Sorry heartland: Debilitating drought persists

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A blizzard and heavy snow were unable to dent the drought’s impact on the northern Plains last week, and the latest Drought Monitor shows that the drought instead continues to creep to other states. Moderate or worse drought now blankets 62 percent of the contiguous United States, shifting slightly from last week’s report.

According to South Dakota Climatologist Dennis Todey, very few areas benefited from the weekend storm that buried parts of North Dakota, South Dakota, Minnesota and Wisconsin.

"The blizzard will do very little for soil moisture because soils were frozen or near freezing prior to the storm," Todey said.

As a result, South Dakota remains among the states most impacted by the drought. Only minimal shifts have been reported in the state since the end of September. Kansas and Nebraska, also reporting high percentages of drought, have seen little change in their drought conditions for months. This week was no different:  

 

Kansas

  • Exceptional drought: 36
  • Extreme and exceptional drought: 78
  • Weekly precipitation: 0.01 inch of rain reported along spots of the northern and eastern borders. All other areas experienced a dry week.

 

 

 

Nebraska

  • Exceptional drought: 77
  • Extreme and exceptional drought: 96
  • Weekly precipitation: 0.01 inch to 0.10 inch reported throughout the state.

 

 

 

South Dakota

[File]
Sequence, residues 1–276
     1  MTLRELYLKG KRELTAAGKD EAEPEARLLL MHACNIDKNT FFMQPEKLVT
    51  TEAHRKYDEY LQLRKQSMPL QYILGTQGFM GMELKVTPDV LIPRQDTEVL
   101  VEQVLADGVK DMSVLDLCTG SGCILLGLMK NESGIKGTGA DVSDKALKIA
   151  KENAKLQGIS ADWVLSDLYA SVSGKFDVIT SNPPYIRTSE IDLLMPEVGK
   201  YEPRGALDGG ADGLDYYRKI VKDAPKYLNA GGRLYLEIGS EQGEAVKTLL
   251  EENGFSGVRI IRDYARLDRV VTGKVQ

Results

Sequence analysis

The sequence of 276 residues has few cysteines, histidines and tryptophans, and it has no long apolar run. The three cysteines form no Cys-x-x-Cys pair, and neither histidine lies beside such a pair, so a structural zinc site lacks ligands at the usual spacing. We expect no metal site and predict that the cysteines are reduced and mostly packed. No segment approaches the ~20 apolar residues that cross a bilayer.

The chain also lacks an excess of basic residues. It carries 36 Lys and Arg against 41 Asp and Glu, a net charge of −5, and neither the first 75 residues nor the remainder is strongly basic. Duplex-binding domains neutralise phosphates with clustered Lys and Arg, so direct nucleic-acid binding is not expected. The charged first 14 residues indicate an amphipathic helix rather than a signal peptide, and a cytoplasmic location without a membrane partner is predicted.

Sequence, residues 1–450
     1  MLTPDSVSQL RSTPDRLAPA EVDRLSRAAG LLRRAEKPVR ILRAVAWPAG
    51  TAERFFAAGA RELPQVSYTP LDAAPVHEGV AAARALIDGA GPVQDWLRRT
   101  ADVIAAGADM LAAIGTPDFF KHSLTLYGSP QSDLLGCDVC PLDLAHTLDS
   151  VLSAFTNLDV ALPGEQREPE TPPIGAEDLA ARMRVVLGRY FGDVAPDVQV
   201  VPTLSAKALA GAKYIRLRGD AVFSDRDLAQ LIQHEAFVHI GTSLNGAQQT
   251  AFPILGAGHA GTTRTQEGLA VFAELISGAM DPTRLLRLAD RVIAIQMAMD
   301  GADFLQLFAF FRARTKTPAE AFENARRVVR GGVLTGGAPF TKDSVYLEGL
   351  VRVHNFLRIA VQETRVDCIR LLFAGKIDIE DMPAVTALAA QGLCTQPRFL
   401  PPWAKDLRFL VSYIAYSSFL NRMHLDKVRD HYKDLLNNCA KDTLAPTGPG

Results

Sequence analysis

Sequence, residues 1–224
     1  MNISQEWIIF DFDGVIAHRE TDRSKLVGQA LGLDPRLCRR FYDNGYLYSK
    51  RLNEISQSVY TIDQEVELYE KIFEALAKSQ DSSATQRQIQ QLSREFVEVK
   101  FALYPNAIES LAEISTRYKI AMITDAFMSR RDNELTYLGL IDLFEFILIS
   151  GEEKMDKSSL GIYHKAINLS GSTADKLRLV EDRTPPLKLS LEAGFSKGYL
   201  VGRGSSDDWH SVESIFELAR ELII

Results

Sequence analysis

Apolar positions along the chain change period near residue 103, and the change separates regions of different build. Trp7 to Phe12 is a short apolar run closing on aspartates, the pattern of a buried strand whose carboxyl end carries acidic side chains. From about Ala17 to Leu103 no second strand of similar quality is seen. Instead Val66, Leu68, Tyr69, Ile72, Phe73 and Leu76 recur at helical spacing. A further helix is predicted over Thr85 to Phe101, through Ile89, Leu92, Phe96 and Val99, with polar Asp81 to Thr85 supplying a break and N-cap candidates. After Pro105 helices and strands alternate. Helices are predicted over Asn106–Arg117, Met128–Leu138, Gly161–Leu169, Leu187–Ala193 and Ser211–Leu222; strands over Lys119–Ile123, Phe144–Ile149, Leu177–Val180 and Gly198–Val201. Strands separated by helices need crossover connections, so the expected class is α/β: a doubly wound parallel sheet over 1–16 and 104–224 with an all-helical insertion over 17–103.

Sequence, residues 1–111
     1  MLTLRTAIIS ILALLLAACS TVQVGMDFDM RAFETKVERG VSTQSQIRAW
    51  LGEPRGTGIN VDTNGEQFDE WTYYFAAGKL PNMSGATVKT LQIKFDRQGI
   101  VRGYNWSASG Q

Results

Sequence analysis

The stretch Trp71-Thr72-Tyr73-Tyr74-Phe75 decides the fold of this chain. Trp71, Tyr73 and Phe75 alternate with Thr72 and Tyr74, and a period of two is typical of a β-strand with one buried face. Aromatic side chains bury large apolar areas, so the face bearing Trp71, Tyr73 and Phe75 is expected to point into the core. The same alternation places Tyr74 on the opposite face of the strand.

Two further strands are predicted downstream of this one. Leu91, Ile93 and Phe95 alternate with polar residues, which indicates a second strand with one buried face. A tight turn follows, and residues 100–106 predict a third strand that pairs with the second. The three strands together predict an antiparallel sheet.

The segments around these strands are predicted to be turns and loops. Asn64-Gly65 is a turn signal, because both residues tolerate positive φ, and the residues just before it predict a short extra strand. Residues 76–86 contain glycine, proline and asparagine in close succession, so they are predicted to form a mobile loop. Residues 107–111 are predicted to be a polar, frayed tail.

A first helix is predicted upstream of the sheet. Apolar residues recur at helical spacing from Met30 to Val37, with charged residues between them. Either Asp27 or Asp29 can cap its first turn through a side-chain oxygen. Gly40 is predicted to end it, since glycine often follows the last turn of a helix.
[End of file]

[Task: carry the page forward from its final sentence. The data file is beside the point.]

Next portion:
• Exceptional drought: 31
  • Extreme and exceptional drought: 63
  • Weekly precipitation: The weekend snowstorm brought 5 to 10 inches of snow to eastern South Dakota but only contributed 1 inch of soil moisture

 

 

 

Oklahoma

  • Exceptional drought: 35
  • Extreme and exceptional drought: 91
  • Weekly precipitation: Spotty showers brought up to 0.01 inch of rain to some areas in the eastern half of the state.

 

 

Overall, 16 states are affected by extreme or worse drought, and the intensity of the drought continues to grow each week. See how your state is doing.

The dry start to the meteorological winter has made many farmers wondering what 2013 may hold. In a webinar earlier this week, Jed Lafferty, managing director of life sciences for Planalytics admitted that it’s too early to tell if El Niño, La Niña or a neutral weather pattern will develop next spring.

Despite the possibilities of drought continuing well into 2013, one thing offers a ray of hope for drought victims: weather rarely repeats itself from one year to the next.  Read more here.



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